Less is more? New approaches for swarm control and inference

8th March 2016, 13:00, H223 (George Holt LT)
Dr Roderich Gross
Department of Automatic Control and Systems Engineering
The University of Sheffield


Robot swarms are often said to exhibit emergent properties. Yet, it is possible to design controllers with predictable outcome. We illustrate this for two canonical problems, multi-robot rendezvous and cooperative transport. The simplicity of the controllers (some do not even require arithmetic computation) facilitates their analysis. In the second part of the talk, we address the problem of inferring the rules of swarming agents through observation. We propose Turing Learning - the first system identification method not to rely on pre-defined metrics - and test it on a physical swarm of robots. Finally, we discuss novel development tools. We present OpenSwarm, an operating system for miniature robots, and formal methods for automatic code generation. We report on experiments with up to 600 physical robots.

Bio: Roderich Gross received a Computer Science degree from TU Dortmund University in 2001 and a PhD degree from the Universite libre de Bruxelles in 2007. From 2005 to 2009 he was a JSPS Fellow at Tokyo Institute of Technology, a Research Associate at University of Bristol, a Marie Curie Fellow at Unilever, and a Marie Curie Fellow at EPFL. Since 2010, he has been with the Department of Automatic Control and Systems Engineering at the University of Sheffield, where he is currently a Senior Lecturer. His research interests include distributed robotics and natural computing. He has authored more than 60 publications on these topics, which have been cited 2000 times. Dr Gross serves/has served as the General Chair of DARS 2016, Editor of IROS 2015 - 2016, Associate Editor of ICRA 2014 - 2015, Program Co-Chair of AAMAS 2016 (robotics track), ANTS 2012, and TAROS 2011, Part Editor of the Springer Handbook of Computational Intelligence, and Associate Editor of Swarm Intelligence, IEEE Robotics and Automation Letters, and IEEE Computational Intelligence Magazine.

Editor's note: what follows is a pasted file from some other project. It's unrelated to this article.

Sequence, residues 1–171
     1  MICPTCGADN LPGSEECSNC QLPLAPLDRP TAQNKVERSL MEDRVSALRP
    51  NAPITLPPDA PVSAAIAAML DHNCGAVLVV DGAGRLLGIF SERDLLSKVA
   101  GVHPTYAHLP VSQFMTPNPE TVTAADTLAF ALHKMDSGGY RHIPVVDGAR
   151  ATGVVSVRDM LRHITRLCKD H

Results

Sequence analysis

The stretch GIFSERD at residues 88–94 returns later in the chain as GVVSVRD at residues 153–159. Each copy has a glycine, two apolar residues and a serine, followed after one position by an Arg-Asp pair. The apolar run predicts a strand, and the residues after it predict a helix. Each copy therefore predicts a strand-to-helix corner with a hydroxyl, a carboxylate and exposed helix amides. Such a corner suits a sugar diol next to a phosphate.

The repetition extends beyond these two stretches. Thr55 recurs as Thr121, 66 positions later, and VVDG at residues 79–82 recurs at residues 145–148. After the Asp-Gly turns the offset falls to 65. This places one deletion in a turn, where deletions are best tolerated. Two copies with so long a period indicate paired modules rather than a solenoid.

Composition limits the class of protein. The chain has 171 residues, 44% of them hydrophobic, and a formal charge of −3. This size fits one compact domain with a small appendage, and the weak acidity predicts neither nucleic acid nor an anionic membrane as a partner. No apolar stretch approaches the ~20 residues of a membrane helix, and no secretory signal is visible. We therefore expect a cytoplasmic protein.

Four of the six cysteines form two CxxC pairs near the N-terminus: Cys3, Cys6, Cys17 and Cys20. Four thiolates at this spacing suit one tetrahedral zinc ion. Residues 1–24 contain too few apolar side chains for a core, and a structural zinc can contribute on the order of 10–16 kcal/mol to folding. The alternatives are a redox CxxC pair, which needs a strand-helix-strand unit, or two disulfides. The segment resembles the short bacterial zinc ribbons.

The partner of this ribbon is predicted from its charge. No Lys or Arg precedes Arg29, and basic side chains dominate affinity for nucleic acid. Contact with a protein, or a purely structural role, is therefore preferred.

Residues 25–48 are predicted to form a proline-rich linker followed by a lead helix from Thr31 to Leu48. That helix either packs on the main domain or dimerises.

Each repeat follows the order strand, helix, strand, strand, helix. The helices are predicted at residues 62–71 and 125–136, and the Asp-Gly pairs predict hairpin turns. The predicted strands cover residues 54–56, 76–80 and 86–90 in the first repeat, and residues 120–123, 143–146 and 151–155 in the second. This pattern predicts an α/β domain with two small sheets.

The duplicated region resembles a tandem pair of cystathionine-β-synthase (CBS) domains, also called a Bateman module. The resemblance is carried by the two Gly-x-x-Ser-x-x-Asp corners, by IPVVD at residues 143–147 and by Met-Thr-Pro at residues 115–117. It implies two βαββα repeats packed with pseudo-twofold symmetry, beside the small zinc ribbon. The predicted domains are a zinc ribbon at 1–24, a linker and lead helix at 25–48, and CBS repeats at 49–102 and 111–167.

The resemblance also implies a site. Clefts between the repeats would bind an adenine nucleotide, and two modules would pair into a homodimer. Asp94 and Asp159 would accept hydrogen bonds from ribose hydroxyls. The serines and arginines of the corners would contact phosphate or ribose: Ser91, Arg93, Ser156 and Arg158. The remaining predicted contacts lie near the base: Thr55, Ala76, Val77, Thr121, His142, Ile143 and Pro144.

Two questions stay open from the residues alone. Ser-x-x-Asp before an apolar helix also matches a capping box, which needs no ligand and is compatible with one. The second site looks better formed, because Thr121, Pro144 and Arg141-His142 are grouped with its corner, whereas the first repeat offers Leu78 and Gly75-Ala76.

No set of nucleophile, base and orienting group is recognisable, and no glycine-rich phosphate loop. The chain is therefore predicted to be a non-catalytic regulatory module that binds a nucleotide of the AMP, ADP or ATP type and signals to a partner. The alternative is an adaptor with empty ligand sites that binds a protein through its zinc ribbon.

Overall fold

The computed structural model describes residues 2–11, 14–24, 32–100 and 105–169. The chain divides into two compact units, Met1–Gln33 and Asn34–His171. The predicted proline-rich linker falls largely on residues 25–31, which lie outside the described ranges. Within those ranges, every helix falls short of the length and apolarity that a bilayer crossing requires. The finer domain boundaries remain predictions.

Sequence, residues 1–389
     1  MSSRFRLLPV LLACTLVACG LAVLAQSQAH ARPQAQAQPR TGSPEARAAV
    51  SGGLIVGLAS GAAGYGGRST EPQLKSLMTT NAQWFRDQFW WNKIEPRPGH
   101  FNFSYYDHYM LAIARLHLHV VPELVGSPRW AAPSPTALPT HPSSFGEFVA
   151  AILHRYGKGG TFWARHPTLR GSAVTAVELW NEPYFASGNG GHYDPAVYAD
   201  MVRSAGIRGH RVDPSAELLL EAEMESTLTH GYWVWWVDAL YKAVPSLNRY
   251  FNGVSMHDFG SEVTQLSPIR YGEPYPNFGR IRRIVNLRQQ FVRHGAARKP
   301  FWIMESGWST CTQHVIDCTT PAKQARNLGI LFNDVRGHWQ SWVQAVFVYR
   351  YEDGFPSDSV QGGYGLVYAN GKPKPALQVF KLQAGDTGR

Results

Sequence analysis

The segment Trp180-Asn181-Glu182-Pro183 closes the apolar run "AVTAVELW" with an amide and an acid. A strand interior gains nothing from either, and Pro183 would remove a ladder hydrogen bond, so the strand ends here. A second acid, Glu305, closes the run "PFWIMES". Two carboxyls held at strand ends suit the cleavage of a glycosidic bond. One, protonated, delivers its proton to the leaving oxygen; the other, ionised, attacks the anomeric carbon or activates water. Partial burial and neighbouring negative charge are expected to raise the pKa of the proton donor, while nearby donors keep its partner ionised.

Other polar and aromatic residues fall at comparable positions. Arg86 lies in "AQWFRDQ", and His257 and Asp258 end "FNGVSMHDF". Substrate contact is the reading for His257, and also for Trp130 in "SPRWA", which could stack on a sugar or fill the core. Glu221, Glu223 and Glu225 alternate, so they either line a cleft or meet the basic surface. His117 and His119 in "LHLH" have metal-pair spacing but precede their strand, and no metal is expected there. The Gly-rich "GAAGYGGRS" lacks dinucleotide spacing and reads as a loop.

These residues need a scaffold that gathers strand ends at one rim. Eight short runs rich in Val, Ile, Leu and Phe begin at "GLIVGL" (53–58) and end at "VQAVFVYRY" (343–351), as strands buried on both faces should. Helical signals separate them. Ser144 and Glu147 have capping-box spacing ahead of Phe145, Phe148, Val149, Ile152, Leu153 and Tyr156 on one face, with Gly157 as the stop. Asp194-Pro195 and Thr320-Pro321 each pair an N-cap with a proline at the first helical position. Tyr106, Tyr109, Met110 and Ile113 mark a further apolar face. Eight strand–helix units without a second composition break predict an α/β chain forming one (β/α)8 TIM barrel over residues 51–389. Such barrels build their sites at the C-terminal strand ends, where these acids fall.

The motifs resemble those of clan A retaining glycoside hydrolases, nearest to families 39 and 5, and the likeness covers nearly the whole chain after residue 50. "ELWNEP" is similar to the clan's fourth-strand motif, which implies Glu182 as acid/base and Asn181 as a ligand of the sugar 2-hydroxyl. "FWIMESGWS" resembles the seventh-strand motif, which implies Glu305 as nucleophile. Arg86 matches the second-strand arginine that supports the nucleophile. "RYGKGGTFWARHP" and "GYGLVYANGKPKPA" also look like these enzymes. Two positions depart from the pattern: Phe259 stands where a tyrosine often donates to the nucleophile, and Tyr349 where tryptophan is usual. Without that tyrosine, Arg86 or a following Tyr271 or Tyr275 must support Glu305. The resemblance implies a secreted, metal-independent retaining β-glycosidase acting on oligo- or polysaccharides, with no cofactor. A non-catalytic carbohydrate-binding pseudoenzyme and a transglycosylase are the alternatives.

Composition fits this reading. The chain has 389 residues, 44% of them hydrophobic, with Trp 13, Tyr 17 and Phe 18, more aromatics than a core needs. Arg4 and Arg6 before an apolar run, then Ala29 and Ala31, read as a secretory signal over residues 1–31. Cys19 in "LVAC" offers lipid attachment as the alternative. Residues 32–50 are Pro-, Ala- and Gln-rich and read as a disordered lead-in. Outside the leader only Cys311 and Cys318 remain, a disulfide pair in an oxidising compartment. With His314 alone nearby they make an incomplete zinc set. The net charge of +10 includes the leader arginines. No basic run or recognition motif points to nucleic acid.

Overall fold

Additional Materials